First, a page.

22 States Stand Up Against Citizens United
The Supreme Court’s Citizens United ruling has wreaked havoc on our electoral system, and now many states are fighting back. The Montana Supreme Court issued a ruling on campaign finance earlier this year that some say stands in opposition to Citizens United. The ruling has been appealed to the U.S. Supreme Court, and many observers are excited that the court may have to revisit its decision with the effects of the case now apparent. 22 states have filed a brief with the court expressing their support for the Montana court’s ruling, strongly stating their stance against Citizens United. This court case, while far from a given, represents the greatest challenge to Citizens United to date, and the support of these states shows just how widespread the damage from Citizens United has been.
In early January, the Montana Supreme Court upheld a century-old law which banned corporate spending in state and local elections. Twenty-three other states had similar laws on the books before the Citizens United ruling was handed down, but Montana has been the only state to continue to uphold theirs. The law had been created in order to counter the influence of Gilded Age profiteers who had essentially purchased Montana’s government. Until the 1912 ruling banned corporate spending, Montana’s so-called “Copper Kings,” who had profited off of the state’s natural resources, were said to have “bought legislatures and judges as other men buy food and raiment.”
American Tradition Partnership and two corporations brought the challenge to the Montana ruling to the Supreme Court. American Tradition is an interest group that “seeks to fight the radical environmentalist agenda.” When agreeing to hear the case, the justices issued an order staying the Montana court’s ruling. In that order Justices Ruth Bader Ginsburg and Stephen G. Breyer stated that lower courts are bound by the Supreme Court’s ruling until it is overturned or modified, but they also express concern at the state of the country’s political landscape since the Citizens United ruling was handed down.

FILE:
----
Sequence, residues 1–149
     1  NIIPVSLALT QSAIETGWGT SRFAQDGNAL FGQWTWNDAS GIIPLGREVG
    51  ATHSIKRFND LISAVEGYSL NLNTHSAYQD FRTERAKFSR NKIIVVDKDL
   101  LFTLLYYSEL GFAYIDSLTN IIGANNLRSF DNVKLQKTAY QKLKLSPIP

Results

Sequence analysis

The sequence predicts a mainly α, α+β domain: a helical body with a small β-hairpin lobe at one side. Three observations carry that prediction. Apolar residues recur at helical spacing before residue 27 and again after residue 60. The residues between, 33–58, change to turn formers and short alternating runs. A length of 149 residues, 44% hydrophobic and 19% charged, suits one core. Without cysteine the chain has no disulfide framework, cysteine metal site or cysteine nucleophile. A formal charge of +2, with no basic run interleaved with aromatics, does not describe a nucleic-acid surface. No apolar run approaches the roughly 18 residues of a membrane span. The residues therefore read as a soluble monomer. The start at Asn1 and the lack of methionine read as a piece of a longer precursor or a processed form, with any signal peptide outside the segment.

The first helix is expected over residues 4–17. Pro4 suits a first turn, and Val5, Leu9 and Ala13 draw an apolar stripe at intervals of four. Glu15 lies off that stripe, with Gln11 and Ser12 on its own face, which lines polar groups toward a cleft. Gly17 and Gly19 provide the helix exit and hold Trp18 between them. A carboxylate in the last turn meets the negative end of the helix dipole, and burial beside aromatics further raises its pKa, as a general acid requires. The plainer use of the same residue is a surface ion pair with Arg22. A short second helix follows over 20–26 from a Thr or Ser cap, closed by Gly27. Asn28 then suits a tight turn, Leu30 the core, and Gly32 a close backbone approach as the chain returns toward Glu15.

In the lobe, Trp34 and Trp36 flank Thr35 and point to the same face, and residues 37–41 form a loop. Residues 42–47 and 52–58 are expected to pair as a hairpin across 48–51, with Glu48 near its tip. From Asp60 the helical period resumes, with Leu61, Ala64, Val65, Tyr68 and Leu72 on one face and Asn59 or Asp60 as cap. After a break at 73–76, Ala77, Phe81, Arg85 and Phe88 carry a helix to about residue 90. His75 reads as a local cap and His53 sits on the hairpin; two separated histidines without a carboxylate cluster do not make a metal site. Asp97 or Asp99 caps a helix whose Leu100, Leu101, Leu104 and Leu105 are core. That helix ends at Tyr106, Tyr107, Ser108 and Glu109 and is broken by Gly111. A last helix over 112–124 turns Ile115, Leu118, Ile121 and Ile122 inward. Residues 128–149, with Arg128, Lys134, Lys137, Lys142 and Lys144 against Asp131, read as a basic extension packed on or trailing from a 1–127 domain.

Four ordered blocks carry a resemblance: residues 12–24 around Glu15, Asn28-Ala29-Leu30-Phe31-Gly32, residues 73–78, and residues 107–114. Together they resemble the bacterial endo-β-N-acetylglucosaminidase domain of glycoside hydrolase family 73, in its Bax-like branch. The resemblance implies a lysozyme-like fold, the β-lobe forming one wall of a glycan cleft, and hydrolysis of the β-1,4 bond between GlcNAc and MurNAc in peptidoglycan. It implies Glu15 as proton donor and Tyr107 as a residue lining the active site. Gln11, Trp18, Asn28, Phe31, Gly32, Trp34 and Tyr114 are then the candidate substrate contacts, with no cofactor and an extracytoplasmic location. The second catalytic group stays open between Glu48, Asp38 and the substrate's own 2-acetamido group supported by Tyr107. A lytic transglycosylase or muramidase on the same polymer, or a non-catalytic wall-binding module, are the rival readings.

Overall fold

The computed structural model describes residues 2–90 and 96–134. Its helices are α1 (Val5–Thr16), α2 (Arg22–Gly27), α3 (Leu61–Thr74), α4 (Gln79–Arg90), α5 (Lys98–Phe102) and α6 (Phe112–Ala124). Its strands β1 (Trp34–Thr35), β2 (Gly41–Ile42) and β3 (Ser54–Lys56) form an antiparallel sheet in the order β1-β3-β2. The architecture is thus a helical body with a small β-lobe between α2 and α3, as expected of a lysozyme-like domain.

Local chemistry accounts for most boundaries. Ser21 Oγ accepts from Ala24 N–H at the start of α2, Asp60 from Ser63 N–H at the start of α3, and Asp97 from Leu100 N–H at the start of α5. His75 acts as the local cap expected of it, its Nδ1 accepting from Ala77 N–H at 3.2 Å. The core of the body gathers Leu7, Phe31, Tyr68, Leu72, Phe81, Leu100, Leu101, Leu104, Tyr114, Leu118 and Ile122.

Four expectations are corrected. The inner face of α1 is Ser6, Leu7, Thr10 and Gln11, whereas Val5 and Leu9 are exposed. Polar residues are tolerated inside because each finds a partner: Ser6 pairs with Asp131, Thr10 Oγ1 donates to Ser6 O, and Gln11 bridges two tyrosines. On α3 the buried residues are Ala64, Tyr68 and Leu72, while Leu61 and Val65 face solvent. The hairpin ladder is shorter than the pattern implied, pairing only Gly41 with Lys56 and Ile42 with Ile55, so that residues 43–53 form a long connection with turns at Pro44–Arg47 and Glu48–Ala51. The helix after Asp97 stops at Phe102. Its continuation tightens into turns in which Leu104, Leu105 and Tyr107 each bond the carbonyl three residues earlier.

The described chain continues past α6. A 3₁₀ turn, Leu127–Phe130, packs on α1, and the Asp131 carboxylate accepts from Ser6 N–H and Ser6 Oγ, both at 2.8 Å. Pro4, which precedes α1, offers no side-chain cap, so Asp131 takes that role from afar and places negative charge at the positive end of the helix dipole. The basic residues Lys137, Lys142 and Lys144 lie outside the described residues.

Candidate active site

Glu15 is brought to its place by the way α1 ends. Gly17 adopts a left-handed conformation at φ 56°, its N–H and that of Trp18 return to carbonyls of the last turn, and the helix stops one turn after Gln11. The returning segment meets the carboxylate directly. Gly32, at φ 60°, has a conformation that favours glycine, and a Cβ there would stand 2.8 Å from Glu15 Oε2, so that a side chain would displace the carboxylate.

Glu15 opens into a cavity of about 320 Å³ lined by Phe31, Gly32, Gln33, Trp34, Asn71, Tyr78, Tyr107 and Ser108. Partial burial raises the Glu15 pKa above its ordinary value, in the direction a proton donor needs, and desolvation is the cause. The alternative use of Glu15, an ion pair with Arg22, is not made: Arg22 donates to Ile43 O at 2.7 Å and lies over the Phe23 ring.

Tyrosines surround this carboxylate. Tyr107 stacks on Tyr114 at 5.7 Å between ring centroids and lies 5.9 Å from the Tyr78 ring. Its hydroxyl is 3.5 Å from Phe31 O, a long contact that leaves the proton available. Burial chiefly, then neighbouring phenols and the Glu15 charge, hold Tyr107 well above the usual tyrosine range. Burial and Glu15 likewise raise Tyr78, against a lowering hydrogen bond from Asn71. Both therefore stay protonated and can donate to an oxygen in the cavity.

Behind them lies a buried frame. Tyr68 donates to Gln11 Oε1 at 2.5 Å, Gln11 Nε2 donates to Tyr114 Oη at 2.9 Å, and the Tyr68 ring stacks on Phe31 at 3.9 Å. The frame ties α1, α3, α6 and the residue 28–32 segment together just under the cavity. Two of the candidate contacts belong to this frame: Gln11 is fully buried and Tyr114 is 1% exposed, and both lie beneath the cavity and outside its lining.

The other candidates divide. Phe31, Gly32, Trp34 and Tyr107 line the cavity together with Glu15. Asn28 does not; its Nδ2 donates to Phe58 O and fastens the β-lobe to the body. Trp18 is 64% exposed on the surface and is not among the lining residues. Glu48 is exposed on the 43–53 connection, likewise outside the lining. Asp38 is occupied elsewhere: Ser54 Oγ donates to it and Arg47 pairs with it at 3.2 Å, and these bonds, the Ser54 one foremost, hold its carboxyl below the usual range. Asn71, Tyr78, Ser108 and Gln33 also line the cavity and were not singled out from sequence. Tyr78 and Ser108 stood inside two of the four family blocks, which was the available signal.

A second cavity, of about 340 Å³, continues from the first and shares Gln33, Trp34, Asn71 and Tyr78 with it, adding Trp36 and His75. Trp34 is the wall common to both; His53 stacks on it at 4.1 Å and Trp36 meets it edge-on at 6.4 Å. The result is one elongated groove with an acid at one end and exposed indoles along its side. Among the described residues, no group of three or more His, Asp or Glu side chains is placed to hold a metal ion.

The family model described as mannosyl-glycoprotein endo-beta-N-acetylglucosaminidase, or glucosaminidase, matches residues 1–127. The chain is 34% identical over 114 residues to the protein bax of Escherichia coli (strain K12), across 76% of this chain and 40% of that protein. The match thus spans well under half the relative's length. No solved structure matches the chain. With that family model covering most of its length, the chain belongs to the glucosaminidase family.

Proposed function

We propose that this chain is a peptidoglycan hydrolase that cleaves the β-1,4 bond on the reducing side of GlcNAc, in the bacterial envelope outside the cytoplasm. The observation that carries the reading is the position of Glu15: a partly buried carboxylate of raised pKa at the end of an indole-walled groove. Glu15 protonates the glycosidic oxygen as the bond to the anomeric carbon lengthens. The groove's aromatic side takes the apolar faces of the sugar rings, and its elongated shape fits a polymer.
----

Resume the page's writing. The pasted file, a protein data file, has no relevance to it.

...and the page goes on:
“Montana’s experience, and experience elsewhere since this court’s decision in Citizens United v. Federal Election Commission, make it exceedingly difficult to maintain that independent expenditures by corporations ‘do not give rise to corruption or the appearance of corruption,’” the justices wrote.
In the brief submitted by the 22 states, they express support for the Montana court’s decision, stating that Montana’s campaign finance laws do not interfere with those of Citizens United. The law regulates corporate political spending at the state level, which they argue is different than the federal issues raised in Citizens United.
Unfortunately most observers don’t think this support will sway the Supreme Court’s decision making process. There seems to be little hope of overturning Citizens United, and the Montana law’s fate does not look much more promising. Unless the ideological make-up of the court changes, it seems unlikely that any court challenge will be the end of this disastrous ruling. A constitutional amendment, while a long-shot, may be the only hope for curbing the flood of corporate money we have seen.